And for all of his other cinematic bellyflops, here Luhrmann’s operatic hysterics soar. We get locked in the perspective of these overheated teenagers. We feel all their giddy excess and thunderous disappointments as though – like them – feeling all these emotions for the first time.

Their parents become a blur of inconsequential nonsense in the background, blasting in and out of the young lovers’ lives in order to spout contradictory inanities and bark irrational orders. They are loud and hypocritical – just as they should be. The nurse is a loveable doof, all banalities and base cravings. The Montague and Capulet boys are braying thugs, and the friar, in yet another striking performance by Pete Postlethwaite, is all bluster and false hope, condemning Romeo as a horny teen one minute and agreeing to marry him off to a girl he barely knows the next.

Luhrmann’s aesthetics are equally on point. His sand-blasted, decayed urban sprawl nicely captures the stately desiccation of a city wracked by generations of gang violence. It becomes a space in which symbols of divine beauty and grace are emptied of meaning to become gauche decoration; where the image of the Mother Mary engraved on the handle of a gun perfectly encapsulates the play’s central theme of love and war: love perverted by war; war perpetuated by love. You feel the weariness that Shakespeare loaded into his narrative, that these families have been playing out this same tired grudge for so long that it no longer even functions as back story. It is no wonder Luhrmann makes one of the signature locations in the film – the place that Mercutio is killed; where the narrative tilts irreversibly from comedy to tragedy – the crumbling shell of a stage, rotting on the beach.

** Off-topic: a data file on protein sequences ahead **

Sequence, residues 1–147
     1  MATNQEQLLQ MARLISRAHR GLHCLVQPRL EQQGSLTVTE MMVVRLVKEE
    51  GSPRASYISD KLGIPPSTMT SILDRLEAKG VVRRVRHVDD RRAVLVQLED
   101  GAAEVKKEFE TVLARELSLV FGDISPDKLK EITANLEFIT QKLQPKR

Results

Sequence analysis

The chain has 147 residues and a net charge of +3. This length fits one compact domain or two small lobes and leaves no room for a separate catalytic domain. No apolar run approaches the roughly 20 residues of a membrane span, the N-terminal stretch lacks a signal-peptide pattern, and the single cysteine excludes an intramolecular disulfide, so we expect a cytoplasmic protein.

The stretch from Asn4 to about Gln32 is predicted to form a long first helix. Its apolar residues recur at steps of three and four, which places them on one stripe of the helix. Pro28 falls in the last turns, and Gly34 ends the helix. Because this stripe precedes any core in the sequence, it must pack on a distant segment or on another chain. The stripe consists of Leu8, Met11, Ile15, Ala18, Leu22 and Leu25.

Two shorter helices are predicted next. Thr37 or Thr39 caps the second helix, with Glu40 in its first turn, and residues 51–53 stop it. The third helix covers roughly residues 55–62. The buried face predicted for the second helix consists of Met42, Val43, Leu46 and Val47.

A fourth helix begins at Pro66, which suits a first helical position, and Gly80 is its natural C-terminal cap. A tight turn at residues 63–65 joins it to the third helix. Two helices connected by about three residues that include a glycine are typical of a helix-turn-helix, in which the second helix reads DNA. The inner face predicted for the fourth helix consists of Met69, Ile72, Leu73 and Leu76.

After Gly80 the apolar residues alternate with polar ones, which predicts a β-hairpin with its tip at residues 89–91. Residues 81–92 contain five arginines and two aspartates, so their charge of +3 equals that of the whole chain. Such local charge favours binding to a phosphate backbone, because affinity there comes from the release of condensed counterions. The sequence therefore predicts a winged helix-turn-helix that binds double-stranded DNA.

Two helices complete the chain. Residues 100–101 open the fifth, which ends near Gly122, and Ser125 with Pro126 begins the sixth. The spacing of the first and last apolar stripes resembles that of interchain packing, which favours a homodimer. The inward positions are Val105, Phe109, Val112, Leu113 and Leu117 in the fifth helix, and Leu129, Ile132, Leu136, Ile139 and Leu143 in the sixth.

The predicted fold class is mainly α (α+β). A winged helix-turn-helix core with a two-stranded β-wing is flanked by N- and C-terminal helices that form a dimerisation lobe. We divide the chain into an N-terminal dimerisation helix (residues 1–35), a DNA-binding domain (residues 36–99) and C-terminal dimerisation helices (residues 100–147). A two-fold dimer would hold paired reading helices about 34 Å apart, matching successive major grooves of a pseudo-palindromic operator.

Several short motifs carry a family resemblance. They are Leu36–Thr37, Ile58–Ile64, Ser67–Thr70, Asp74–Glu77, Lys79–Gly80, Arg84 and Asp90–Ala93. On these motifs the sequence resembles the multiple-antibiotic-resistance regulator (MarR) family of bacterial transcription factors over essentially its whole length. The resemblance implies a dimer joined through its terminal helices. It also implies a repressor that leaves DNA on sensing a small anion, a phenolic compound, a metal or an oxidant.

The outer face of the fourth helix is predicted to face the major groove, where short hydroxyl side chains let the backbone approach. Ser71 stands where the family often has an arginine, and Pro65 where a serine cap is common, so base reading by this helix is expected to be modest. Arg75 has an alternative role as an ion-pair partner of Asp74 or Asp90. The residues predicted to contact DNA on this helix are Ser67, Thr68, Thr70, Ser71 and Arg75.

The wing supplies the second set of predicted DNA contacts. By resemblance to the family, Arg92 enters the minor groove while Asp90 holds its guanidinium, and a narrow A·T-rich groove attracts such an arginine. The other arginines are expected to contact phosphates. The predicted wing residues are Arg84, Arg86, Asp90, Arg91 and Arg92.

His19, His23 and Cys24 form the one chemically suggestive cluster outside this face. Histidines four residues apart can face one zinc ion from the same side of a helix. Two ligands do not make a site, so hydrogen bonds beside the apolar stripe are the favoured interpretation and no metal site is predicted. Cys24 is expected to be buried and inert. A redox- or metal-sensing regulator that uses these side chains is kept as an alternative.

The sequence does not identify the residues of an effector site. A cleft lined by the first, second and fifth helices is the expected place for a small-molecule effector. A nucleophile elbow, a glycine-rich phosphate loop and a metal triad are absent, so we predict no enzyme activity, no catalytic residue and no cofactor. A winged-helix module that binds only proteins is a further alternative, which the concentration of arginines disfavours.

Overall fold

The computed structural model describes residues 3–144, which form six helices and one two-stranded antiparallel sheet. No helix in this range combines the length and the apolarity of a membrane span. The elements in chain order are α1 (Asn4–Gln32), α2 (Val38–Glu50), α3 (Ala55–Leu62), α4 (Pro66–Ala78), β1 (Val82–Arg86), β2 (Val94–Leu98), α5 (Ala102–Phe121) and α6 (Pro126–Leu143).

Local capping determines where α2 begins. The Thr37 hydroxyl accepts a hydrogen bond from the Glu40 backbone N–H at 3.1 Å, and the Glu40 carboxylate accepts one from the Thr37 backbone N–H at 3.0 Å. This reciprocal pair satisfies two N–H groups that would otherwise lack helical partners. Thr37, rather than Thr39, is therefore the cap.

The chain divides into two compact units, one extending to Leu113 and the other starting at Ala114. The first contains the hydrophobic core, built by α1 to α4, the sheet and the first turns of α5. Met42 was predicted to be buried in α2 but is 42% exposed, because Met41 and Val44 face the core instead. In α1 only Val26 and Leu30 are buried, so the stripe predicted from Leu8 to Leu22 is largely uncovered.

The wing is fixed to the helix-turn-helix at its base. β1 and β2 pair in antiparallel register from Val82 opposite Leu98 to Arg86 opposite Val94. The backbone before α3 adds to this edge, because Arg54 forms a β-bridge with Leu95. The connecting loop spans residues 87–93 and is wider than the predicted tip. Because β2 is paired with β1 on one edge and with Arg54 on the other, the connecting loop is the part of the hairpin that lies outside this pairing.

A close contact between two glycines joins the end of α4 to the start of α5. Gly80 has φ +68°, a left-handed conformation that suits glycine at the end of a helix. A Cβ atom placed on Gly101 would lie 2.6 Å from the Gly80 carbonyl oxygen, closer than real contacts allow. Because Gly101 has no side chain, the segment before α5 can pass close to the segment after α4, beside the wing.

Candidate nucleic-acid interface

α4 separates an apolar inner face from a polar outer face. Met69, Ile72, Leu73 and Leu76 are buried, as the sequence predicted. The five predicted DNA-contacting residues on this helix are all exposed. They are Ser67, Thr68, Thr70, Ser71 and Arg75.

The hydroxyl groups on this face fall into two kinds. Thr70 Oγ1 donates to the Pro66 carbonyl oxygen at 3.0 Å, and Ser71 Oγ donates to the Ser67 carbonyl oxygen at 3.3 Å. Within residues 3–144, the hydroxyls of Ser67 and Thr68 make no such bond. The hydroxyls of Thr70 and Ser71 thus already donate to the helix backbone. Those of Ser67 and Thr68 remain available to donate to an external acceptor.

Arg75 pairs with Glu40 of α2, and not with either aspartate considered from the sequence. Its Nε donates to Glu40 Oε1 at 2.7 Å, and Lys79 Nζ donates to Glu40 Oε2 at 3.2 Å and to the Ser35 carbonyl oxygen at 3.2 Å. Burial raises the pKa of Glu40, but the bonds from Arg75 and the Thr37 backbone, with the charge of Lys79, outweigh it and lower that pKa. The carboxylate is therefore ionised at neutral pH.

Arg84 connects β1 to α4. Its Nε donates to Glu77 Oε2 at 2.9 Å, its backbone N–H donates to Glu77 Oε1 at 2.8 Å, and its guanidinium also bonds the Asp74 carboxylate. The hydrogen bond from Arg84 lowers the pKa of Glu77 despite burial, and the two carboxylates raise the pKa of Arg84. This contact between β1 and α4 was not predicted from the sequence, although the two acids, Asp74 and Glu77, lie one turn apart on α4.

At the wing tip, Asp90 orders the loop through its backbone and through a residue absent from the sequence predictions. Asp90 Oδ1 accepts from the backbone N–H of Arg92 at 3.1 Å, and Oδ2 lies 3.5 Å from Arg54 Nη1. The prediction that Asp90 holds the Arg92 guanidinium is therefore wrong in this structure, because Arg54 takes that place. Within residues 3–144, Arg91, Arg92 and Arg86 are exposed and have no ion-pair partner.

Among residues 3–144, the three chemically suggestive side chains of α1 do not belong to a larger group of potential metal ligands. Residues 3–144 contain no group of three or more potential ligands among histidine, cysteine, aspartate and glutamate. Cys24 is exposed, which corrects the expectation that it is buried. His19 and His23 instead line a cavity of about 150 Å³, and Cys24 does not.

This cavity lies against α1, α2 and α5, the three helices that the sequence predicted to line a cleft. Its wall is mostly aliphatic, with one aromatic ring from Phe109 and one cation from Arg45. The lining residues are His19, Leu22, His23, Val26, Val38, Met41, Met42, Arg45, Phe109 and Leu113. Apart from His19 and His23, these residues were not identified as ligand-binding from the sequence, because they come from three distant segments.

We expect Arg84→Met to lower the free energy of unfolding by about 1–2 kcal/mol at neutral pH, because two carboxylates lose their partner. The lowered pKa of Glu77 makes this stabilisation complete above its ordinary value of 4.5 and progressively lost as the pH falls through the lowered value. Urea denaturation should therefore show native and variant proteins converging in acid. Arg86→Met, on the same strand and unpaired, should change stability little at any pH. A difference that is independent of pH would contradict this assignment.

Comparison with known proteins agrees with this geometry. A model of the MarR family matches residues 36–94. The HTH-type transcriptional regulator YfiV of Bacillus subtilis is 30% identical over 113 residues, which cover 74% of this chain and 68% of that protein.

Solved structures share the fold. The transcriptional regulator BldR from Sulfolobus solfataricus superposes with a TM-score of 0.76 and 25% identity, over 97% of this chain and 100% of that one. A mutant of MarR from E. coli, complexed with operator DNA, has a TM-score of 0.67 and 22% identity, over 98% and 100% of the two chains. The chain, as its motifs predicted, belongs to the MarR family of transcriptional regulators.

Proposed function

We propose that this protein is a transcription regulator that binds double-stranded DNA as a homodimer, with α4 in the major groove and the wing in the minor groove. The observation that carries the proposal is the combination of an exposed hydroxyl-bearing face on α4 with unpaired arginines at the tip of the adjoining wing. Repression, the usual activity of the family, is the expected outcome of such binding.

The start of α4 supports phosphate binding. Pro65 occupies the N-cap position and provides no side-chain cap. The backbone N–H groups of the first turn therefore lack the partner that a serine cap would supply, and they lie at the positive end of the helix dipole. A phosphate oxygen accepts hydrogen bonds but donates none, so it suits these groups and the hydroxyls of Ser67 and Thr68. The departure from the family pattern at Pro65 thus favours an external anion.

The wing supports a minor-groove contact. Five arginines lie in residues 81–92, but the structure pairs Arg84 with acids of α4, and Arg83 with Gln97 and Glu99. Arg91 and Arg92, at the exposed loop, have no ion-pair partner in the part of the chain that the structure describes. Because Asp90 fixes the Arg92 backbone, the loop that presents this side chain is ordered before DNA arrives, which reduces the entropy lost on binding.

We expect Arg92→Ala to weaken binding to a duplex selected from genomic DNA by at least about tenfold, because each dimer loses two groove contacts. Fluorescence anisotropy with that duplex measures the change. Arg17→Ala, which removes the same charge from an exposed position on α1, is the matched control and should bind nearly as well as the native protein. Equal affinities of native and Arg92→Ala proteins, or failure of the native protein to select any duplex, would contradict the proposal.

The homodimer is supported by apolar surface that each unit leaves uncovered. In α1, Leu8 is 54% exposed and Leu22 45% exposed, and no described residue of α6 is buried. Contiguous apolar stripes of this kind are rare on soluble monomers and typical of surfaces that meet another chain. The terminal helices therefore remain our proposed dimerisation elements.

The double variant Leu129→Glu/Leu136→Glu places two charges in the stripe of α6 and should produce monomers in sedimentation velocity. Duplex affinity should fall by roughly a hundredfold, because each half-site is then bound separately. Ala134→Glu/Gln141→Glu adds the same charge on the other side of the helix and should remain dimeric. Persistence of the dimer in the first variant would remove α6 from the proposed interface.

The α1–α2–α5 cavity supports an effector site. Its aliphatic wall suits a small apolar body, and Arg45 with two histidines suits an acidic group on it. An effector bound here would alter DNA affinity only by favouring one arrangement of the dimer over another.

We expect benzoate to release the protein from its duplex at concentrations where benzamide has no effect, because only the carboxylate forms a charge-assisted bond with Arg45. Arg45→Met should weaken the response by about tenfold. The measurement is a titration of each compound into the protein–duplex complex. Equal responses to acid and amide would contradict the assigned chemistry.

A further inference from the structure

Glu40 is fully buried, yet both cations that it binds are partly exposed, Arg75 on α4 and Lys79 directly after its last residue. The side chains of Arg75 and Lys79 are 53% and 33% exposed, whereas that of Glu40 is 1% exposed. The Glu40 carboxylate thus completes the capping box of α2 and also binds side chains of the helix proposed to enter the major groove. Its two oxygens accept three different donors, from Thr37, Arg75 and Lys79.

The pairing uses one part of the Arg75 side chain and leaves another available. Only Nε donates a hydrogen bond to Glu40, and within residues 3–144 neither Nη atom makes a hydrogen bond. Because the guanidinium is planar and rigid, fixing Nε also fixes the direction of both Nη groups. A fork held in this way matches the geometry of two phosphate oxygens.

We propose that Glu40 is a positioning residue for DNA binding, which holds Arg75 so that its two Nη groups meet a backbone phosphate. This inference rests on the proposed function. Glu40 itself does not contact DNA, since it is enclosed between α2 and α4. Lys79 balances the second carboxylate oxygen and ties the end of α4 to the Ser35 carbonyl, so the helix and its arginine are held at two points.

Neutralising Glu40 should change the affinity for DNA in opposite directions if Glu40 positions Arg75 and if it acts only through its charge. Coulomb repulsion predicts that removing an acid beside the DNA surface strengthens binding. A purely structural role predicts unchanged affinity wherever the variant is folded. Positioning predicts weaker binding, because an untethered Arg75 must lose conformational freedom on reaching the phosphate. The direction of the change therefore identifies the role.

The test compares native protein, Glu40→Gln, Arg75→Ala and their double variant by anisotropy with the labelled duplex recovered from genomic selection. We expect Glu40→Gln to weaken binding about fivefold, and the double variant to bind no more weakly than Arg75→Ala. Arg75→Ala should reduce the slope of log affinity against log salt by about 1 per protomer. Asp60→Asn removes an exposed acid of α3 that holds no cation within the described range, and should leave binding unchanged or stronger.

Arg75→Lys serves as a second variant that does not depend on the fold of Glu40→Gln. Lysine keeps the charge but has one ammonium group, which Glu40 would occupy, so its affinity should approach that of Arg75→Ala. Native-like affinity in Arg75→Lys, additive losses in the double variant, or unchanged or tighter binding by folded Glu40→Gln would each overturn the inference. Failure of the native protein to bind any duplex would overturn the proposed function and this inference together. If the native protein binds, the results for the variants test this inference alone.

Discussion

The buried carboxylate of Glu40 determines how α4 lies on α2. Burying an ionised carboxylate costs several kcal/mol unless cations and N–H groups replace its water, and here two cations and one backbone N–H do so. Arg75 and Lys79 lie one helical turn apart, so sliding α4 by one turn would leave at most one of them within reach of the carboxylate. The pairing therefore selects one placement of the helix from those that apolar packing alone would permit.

He likewise nicely captures Romeo’s early, insufferable pretentiousness. In the film, Romeo is introduced sitting alone on the beach, smoking, filling a journal with adolescent poetry. I’m not entirely convinced that Luhrmann realises that Romeo’s verses here are meant to be corny (much as Ewan McGreggor’s character in Moulin Rouge thinks that ‘love’ means spouting greeting card clichés to a tune, his Romeo emotes all of this drivel as though it is the pure mana of unfettered truth), but even this works perfectly with the themes of the play. Of course Romeo would pose himself on the beach on a crumbling arch, smoking artfully, watching the sun burn over the horizon, all affectation and theatricality. The guy who keeps yammering on about ‘love’s transgression’, and love as ‘a smoke made of the fume of sighs …. a sea nourished with lover’s tears’ would do exactly that. It’s intended to be pure drivel. Shakespeare is presenting the early, mooning Romeo as an angsty twit, spewing hollow Petrarchan verse. And just as Benvolio waves him away in the play, here in the film he it gets poured into a notebook thankfully no one will have to read.